Teeth were another aspect of Tunga’s fascination. Mourão remembers his father taking an interest in collecting his milk teeth. “He was always looking for new ideas to do with teeth. I had started losing my baby teeth and he wanted to collect my teeth to use them in his artworks. Both hair and teeth are memorable moments in my childhood with him.” The transition from milk teeth to adult teeth holds a similar significance to Tunga’s interest in organic human aspects that undergo drastic change, albeit for a more rational reason than ever-growing hair. “Teeth and nails have other peculiarities. They’re our only parts of our entire surface which are rigid, because the rest of our skin is soft when coming into contact with things that are too hot or too hard; so we can only use nails or teeth. So we started to develop tools, to even this deficiency.”

A giant tuft of hair made out of lead could be seen as one of those tools to even the body’s deficiency in rigidity, or to compensate for Tunga’s perceived irrationality of hair. But as per usual in the art scene, the viewer is welcomed to come to their own conclusions when looking at the work. “One one hand, my dad’s work is very simple, in the sense that you can be delighted, or not, when you see his work. On the other hand, it is also very complex because there are all these thoughts behind it, usually involving psychoanalyses, mathematics, physics, chemistry.” Mourão explains. “Now and then I used to ask him: ‘Dad, what does it mean? Why this?’ And he would answer teasing me: ‘I don’t know. Help me. I also want to understand what I have done.’ Of course he had an explanation for all of it. But I think what he wanted most was that people could develop their own thoughts about what he had done. And perhaps then he would come to new conclusions that he had not seen before.”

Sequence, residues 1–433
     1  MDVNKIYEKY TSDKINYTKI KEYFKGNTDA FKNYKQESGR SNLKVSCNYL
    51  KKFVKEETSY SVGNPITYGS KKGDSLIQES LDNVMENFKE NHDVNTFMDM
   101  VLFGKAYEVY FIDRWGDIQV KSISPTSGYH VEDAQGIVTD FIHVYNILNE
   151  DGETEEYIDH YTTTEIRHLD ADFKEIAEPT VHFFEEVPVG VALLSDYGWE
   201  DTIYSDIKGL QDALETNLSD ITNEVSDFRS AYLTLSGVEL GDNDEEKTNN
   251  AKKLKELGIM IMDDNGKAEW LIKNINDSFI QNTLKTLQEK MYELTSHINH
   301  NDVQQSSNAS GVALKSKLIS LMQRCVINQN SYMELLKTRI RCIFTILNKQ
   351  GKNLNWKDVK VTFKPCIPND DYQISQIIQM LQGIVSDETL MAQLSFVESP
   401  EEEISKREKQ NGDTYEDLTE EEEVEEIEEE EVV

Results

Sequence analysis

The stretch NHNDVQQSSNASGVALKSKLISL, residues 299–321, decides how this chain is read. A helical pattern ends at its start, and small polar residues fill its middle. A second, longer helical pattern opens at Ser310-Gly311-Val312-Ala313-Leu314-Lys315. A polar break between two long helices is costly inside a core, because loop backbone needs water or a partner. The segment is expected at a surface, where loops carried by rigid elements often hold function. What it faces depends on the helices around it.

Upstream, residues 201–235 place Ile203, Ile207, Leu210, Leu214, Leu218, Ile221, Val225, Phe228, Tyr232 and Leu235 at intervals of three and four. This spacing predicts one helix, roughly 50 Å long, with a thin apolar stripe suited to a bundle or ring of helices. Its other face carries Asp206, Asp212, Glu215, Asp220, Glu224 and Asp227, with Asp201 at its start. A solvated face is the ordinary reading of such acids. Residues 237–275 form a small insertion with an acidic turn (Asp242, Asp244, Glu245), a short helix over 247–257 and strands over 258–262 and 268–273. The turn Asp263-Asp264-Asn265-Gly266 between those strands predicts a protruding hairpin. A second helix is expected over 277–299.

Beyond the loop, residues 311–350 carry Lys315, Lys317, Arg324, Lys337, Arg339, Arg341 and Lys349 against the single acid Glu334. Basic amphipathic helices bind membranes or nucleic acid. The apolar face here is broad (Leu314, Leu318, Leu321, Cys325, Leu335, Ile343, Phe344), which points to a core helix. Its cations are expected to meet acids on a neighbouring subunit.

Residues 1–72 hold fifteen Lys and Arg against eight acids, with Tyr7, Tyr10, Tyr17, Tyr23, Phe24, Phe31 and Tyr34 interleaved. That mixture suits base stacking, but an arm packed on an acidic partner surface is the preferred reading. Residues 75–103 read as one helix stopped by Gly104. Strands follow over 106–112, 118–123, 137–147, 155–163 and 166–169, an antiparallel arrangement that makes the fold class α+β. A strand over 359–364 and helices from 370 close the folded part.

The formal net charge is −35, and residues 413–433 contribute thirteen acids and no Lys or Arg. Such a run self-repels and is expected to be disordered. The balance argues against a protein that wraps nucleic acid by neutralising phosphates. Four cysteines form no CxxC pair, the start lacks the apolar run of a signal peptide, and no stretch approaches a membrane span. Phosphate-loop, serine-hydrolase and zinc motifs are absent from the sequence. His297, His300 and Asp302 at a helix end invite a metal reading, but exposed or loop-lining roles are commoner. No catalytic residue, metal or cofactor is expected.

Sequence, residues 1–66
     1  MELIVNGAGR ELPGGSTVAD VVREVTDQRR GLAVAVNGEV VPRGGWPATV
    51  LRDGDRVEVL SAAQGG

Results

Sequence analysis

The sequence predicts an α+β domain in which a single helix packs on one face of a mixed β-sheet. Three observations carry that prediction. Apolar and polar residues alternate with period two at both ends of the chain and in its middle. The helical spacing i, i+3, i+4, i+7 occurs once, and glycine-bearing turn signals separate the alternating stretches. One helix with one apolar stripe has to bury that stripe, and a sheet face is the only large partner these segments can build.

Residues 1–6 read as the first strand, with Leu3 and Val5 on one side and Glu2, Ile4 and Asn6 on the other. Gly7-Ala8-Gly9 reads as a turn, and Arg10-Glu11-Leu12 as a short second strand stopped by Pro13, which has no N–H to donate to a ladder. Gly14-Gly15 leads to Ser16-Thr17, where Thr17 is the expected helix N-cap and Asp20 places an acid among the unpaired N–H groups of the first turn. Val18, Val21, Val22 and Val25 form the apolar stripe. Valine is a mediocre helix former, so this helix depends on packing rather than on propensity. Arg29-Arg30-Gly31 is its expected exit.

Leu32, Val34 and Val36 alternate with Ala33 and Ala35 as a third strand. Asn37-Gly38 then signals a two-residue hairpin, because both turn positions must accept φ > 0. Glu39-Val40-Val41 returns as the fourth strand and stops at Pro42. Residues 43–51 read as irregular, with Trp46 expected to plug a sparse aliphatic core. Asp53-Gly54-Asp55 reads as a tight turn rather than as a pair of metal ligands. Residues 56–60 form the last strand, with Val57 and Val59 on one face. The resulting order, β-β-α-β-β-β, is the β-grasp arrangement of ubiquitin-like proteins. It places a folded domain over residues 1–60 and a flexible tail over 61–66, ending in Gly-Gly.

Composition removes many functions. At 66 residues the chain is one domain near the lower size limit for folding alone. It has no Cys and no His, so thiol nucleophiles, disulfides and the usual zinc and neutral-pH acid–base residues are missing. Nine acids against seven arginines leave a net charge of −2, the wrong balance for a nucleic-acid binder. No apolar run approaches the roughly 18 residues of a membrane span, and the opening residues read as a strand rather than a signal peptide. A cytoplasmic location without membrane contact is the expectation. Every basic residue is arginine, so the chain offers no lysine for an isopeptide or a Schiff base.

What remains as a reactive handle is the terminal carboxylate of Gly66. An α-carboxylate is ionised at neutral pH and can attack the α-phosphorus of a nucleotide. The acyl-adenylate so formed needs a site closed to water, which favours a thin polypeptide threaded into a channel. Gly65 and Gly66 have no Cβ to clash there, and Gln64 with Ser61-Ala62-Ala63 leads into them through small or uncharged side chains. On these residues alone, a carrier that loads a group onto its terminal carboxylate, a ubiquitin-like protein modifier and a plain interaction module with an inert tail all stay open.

“Hair has to be modified and cut, as it grows all the time — it's a completely irrational thing”

Fernando Sant’Anna
Fernando Sant’Anna, Tunga’s former assistant, production director of Instituto Tunga, and friend

This idea of making your own sense of the things that you see, whether it was his work, or anything you’re confronted with in the world, it was important to Tunga to have your own thoughts and conclusions, and to speak them freely without being afraid to say the wrong thing. “Everything is stagnant” Sant’Anna explains passionately. “Institutions, the audience, the press, the academy, all stagnant, stagnant, stagnant. It’s just that we don’t perceive it. Tunga studied things like physics, psychology and mixed these topics with themes like astrology, or anything that got onto his radar. He combined topics and provoked thought without being an expert and created new conversations. The problem in our society now is that we have stopped talking about things we’re not experts on. But if I were to only talk about the things I studied, I will always be under the shadow of the institution that taught me.”